In a recent audit of .org.au domain names, auDA (the body responsible for .au domain names) found that 4,113 domain names (being 23% of all audited .org.au domain name registrations) did not comply with the eligibility criteria. This included instances where a domain name:
L’Oreal made three key claims against eBay in the proceedings:
For the first time in Australia, the registration of a trade mark has been refused on the ground that the application was made in bad faith. The decision of the Australian Trade Marks Office in Hard Coffee Pty Limited v Hard Coffee Main Beach Pty Limited  ATMO 26 is the first successful opposition pursuant to s 62A of the Trade Marks Act, which applies to all trade marks accepted on or after 23 October 2006, and read
The Australian parody/satire fair dealing defence to copyright infringement was introduced in December 2006 (s 41A of the Copyright Act ). But does anyone really know what it covers? Humour is subjective, and there is a dearth of relevant case law in this country. Of course, the parody/satire defence doesn’t require a piece to be funny per se (although such a requirement could lead to interesting courtroom debates), and the nature of parody implies that the piece must at least be comedic in nature.
The Government has announced a restructure of the Federal Courts system, which will expand the Federal Court’s IP jurisdiction.
The Federal Magistrates’ Court will be merged into the Federal Court and the Family Court, so that all IP disputes will be heard at first instance in the Federal Court. The new Federal Court will have two tiers:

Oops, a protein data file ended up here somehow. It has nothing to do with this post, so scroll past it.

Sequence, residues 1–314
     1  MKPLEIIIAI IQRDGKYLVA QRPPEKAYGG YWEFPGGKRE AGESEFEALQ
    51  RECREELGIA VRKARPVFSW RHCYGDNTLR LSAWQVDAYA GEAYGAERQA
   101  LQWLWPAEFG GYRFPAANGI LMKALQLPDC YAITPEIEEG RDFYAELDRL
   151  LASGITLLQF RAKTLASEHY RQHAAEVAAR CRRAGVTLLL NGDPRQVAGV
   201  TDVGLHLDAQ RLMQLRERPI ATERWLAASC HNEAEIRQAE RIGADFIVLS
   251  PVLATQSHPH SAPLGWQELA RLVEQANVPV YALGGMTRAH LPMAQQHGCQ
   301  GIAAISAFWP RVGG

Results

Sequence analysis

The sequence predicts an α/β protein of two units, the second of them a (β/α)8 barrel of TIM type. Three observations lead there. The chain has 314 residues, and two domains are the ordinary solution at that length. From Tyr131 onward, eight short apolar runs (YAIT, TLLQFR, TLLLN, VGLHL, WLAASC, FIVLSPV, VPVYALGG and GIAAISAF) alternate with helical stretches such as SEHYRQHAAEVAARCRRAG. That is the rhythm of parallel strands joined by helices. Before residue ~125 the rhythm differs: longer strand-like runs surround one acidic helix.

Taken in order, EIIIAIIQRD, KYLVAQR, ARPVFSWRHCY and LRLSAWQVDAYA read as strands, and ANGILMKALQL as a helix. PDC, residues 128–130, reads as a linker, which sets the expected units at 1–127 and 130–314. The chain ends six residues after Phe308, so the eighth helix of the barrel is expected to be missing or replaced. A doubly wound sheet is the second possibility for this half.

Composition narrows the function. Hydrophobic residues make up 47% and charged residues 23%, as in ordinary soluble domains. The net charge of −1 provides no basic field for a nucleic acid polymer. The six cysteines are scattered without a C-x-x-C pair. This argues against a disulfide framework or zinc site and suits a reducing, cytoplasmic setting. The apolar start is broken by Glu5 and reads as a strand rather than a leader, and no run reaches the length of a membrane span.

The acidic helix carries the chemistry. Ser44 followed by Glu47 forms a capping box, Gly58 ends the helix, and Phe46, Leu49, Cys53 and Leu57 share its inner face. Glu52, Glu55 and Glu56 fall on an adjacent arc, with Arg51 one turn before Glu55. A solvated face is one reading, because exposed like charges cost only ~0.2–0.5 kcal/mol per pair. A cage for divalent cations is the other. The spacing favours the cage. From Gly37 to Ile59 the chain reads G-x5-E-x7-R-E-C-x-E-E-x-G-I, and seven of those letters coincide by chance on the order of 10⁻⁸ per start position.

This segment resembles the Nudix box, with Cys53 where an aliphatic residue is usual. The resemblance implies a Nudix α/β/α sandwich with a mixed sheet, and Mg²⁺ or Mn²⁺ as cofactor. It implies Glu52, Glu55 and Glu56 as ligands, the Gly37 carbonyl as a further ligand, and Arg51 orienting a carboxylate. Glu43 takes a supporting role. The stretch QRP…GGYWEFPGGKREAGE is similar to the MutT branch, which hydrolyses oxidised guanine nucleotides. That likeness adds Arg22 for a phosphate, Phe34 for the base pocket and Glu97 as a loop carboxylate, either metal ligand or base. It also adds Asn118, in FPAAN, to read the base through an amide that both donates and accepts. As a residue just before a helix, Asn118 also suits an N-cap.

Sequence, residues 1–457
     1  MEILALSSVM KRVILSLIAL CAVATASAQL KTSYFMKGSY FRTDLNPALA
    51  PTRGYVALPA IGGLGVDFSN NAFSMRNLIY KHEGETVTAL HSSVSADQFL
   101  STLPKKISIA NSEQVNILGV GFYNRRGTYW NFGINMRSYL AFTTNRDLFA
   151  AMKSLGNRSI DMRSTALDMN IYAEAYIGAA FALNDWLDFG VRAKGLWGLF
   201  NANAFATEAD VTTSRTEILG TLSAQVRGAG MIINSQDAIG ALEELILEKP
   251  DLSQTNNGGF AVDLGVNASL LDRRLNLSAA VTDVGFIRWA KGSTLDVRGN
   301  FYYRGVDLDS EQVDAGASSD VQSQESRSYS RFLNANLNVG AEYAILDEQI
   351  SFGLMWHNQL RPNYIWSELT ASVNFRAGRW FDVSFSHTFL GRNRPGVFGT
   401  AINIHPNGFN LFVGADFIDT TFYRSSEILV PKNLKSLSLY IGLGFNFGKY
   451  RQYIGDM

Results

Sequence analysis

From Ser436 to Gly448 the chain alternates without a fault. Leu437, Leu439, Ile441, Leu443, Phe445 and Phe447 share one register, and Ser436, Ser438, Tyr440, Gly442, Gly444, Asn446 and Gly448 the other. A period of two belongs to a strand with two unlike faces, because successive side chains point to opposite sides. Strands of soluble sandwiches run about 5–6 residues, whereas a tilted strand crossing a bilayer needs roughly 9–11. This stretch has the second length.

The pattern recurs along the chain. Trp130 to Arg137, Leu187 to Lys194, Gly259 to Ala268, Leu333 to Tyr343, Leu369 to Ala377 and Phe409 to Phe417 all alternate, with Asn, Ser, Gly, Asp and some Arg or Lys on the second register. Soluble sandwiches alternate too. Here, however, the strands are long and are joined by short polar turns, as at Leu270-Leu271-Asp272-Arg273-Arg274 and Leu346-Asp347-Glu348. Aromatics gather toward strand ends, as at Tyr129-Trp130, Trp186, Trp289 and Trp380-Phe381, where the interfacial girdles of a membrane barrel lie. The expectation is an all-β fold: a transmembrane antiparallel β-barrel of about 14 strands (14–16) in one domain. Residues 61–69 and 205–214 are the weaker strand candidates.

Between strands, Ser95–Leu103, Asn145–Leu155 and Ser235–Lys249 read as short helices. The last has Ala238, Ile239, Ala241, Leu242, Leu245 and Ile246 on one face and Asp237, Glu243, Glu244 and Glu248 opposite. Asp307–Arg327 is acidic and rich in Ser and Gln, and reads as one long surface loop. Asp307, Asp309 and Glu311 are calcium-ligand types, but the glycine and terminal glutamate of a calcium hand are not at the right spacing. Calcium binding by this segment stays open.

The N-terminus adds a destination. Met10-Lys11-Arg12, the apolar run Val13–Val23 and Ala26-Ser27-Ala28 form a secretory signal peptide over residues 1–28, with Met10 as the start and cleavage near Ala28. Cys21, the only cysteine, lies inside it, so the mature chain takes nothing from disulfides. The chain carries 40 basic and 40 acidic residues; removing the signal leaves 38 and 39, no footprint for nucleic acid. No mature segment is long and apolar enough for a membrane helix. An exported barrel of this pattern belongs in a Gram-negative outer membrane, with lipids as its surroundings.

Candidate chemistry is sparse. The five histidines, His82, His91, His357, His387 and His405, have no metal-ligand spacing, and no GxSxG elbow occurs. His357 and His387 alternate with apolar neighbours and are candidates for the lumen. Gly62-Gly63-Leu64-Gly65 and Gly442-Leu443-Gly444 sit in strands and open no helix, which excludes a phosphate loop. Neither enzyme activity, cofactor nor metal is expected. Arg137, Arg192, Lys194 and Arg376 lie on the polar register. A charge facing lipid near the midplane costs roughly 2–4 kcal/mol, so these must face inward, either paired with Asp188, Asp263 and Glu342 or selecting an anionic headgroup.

Between July 2005 and May 2006, The Pirate Bay website provided a filesharing service utilising the BitTorrent file transfer protocol. This protocol involves dividing a principal file (eg a MP3 music file) into segments, which can be identified and accessed by locating small “torrent” files containing metadata about the file to be shared and the computer distributing it.
The United Kingdom has launched an initiative where ‘green’ or environmentally friendly technology can be fast-tracked through the patent application process. The scheme was launched on 12 May by UK Minister for IP, David Lammy, in a bid to support inventions that may assist in combating climate change. Under the new scheme, the time for a patent application to progress to grant may be reduced from the usual two to three years to just nine months.
Taking steps to protect your invention could seem like a hassle when you’re buzzing with excitement and want to tell the whole world about your great new idea. But it’s worth taking a moment to stop and consider how to best protect your invention, as this cautionary tale demonstrates.